"There is this culture at Yale where they're above the law and untouchable, and I don't know why Harvard and other schools are better about this," Wolf said.
Wolf's story inspired a lengthy piece in the Yale alumni magazine, which prompted the complaint by the watchdog group Security on Campus.
"They claimed that they were the safest in the Ivy League, and one of the reasons is that they weren't collecting all the info that they should have," said Daniel Carter, senior vice president of Security on Campus.
In recent years, more students nationwide are taking their cases to court.
"More students are coming out and realizing that maybe there is a reason to hold colleges accountable," said Amanda Farahany, an attorney whose firm specializes in representing victims of sexual assault on campus.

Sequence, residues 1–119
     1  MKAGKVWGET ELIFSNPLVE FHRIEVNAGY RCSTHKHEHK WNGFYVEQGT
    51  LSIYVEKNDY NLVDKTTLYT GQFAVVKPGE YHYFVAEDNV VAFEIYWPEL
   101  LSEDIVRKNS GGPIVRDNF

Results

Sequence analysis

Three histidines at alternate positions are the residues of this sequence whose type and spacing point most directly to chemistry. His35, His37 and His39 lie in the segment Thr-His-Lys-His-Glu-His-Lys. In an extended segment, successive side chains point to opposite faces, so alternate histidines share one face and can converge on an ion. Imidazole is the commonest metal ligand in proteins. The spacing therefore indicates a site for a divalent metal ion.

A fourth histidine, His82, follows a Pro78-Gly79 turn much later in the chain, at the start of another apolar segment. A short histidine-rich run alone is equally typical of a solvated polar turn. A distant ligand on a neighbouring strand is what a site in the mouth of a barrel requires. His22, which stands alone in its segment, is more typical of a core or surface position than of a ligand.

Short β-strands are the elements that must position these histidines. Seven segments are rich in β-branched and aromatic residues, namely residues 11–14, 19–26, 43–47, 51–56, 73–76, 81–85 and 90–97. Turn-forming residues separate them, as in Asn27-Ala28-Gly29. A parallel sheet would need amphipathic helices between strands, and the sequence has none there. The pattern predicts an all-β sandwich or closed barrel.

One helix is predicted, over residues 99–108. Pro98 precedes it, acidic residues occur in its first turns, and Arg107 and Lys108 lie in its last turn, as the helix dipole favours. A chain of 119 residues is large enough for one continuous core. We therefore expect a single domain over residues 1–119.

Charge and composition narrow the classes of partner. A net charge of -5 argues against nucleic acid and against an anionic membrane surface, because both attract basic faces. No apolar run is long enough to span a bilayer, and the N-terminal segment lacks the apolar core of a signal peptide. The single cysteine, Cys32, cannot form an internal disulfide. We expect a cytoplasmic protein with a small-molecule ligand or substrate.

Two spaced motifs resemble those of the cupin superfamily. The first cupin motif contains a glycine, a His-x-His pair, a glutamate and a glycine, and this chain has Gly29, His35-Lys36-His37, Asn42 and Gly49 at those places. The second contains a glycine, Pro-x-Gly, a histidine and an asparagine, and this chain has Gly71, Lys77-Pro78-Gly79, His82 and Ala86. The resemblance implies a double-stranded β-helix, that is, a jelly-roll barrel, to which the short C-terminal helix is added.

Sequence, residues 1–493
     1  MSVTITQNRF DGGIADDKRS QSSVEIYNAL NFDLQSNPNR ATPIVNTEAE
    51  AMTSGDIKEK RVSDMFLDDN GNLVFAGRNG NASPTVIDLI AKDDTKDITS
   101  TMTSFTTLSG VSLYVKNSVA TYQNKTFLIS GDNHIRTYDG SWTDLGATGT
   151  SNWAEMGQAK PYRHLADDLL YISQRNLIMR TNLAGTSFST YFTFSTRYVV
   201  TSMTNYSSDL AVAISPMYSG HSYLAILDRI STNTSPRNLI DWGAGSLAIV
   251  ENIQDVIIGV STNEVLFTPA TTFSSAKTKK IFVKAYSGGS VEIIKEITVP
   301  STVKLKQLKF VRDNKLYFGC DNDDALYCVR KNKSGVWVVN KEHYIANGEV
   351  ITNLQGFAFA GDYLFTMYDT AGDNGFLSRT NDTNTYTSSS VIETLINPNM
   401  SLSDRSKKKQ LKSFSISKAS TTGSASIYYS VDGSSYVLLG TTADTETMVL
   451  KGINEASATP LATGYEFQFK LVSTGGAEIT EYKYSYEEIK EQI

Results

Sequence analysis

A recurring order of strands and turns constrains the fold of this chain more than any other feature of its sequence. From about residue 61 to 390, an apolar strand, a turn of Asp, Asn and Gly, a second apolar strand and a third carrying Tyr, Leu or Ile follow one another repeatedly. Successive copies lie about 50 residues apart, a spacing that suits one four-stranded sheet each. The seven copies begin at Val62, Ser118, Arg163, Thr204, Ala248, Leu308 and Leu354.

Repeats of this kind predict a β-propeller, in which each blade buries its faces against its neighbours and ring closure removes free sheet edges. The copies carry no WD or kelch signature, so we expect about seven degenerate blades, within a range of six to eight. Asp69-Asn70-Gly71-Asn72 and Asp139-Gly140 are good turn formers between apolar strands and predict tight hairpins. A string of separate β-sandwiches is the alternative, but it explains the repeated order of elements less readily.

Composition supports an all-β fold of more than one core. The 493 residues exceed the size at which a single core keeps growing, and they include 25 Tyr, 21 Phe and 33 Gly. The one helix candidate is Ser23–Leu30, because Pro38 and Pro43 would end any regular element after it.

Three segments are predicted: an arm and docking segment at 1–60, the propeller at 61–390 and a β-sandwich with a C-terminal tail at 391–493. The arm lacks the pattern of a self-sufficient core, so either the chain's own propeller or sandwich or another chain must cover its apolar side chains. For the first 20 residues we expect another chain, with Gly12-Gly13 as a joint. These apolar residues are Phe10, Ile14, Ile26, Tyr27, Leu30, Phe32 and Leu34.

Most of these cases are successful and are settled out of court by publicity-shy universities, Farahany said.
"It depends on the jury, and it depends on the facts of the case," she said. "If it's a typical date rape scenario, then they might not side with the plaintiff. But if it's a situation where the school knows about someone with prior incidents, we are seeing that juries want to hold the schools accountable."
According to some studies, less than 5 percent of victims of campus sexual assault report those crimes to law enforcement, although that is slowly changing. From 2003 to 2005, the number of such incidents on campus increased slightly, from 2,615 in 2003 to 2,697 in 2005, but experts believe most of that that increase can be attributed to a greater willingness to report such incidents, said Security on Campus' Carter.